(TOP) ~ President Obama’s blueprint for a clean and secure energy future

The United States is on the path to a cleaner and more secure energy future. Since President Obama took office, responsible oil and gas production has increased each year, while oil imports have fallen to a 20 year low; renewable electricity generation from wind, solar, and geothermal sources has doubled; And our emissions of the dangerous carbon pollution that threatens our planet have fallen to their lowest level in nearly two decades. But even with this progress, there is more work to do. While there’s no overnight solution to address rising gas prices in the short term, President Obama today reiterated his commitment to a sustained, all-of-the-above energy strategy and urged Congress to take up common-sense proposals that will further reduce our dependence on oil, better protect consumers from spikes in gas prices, and reduce pollution. See the fact sheet


(TOP) ~ National Ag Day Resolution

The Senate passed by unanimous consent a resolution introduced by Senator Johanns commemorating the 40th National Ag Day. Cosponsors included Senators Stabenow, Cochran, Baucus, Roberts, Brown, Gillibrand, Chambliss, Klobuchar, Grassley, Bennet, Donnelly, Fischer, Thune, and Coons.  See text of resolution


(TOP) ~ Obama admin boosts resource concerns in long-awaited project guidelines

The Obama administration has released a much-anticipated update to 30-year-old guidelines for funding federal water projects that places greater weight on environmental considerations when planning and designing levees, locks, dams and other projects, but which some conservation advocates say lacks teeth. While the previous investment policy looked solely at economic returns in planning such projects, the "principles and requirements" policy emphasizes the value of healthy and resilient ecosystems and encourages "nonstructural" water management measures. "Smart investments in America's rivers, lakes, wetlands, and coasts are essential to promoting economic growth, ensuring clean drinking water, and building thriving communities," Nancy Sutley, chairwoman of the White House Council on Environmental Quality, said in a statement. "This much needed update of the 30-year-old Principles and Guidelines will help agencies better evaluate and expedite water projects that grow our economy and are essential for protecting our communities from floods, droughts, and storms." Read the principles and requirements and Read interagency guidelines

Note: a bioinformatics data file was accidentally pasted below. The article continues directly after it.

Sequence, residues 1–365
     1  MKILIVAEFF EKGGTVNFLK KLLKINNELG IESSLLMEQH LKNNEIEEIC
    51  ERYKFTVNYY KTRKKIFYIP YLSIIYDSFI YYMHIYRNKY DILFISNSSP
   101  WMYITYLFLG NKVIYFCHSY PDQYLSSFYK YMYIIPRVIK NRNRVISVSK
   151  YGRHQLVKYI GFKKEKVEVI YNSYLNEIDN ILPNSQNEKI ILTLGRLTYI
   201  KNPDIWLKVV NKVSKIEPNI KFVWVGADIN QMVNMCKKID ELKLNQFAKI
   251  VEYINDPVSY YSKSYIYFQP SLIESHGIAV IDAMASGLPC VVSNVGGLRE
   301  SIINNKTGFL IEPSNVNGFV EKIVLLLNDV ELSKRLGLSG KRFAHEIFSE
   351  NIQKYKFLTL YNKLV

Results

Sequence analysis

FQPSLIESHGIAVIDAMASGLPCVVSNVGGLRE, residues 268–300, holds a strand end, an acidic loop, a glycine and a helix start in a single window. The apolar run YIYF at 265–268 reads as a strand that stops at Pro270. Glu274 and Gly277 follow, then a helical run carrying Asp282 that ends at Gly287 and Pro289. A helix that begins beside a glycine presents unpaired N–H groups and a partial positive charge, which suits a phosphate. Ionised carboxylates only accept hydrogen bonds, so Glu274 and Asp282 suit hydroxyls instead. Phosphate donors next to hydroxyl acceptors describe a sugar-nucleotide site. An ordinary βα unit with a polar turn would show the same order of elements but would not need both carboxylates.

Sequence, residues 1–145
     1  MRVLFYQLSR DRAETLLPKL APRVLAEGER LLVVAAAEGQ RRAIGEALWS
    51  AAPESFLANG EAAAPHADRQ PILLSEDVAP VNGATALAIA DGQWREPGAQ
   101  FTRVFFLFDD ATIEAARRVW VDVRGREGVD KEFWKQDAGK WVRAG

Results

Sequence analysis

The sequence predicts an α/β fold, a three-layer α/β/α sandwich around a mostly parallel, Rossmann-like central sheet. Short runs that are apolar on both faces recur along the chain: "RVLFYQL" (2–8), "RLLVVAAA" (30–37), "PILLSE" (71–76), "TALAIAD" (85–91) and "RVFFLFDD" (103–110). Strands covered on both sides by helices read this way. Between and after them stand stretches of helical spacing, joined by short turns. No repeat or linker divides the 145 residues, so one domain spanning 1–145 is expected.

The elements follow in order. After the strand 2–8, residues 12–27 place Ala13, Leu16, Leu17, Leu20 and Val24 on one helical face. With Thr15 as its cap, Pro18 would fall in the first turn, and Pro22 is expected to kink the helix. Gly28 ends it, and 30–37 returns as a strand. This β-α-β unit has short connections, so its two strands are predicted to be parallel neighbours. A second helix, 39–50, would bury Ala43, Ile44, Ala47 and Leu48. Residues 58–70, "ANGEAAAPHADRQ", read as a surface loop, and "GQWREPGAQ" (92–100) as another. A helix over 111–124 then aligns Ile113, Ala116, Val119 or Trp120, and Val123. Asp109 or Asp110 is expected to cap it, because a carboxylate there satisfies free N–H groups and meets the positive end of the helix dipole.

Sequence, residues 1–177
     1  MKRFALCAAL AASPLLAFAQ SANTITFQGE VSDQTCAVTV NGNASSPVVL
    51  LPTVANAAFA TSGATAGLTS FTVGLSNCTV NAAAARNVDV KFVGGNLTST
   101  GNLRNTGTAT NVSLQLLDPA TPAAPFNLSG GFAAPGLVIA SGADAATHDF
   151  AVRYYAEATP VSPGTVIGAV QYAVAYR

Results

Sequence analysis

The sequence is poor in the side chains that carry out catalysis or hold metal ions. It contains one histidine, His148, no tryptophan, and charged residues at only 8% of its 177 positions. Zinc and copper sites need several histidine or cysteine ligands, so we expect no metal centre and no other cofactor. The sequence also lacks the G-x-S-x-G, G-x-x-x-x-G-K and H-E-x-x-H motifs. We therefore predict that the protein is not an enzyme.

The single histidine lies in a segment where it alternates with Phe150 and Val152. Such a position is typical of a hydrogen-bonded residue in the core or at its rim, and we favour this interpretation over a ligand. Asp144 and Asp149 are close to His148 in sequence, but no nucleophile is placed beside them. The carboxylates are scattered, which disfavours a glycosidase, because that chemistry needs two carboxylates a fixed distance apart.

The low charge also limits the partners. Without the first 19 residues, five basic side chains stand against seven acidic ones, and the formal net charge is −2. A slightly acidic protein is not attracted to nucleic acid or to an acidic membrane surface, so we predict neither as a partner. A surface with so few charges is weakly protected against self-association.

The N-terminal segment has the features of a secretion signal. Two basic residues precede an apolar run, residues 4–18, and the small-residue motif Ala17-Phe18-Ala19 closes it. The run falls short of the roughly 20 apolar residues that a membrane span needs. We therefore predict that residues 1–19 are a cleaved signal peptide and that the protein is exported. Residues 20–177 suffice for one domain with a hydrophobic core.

Sources: The Columbus Dispatch; Congressional Quarterly; Congressional Research Service; Energy and Environment Daily; The Council for Agricultural Science and Technology; Climatewire; Food Industry Environmental Network, LLC; International Food Policy Research Institute; Meridian Institute; NASA; National Coalition for Food and Agricultural Research; National Geographic; NOAA; North Central Region Sustainable Agriculture Research and Education Program; Reuters; USDA Economic Research Service; White House Council on Environmental Quality

Vision: The Societies Washington, DC Science Policy Office (SPO) will advocate the importance and value of the agronomic, crop and soil sciences in developing national science policy and ensuring the necessary public-sector investment in the continued health of the environment for the well being of humanity. The SPO will assimilate, interpret, and disseminate in a timely manner to Society members information about relevant agricultural, natural resources and environmental legislation, rules and regulations under consideration by Congress and the Administration.

This page of the ASA-CSSA-SSSA web site will highlight current news items relevant to Science Policy. It is not an endorsement of any position.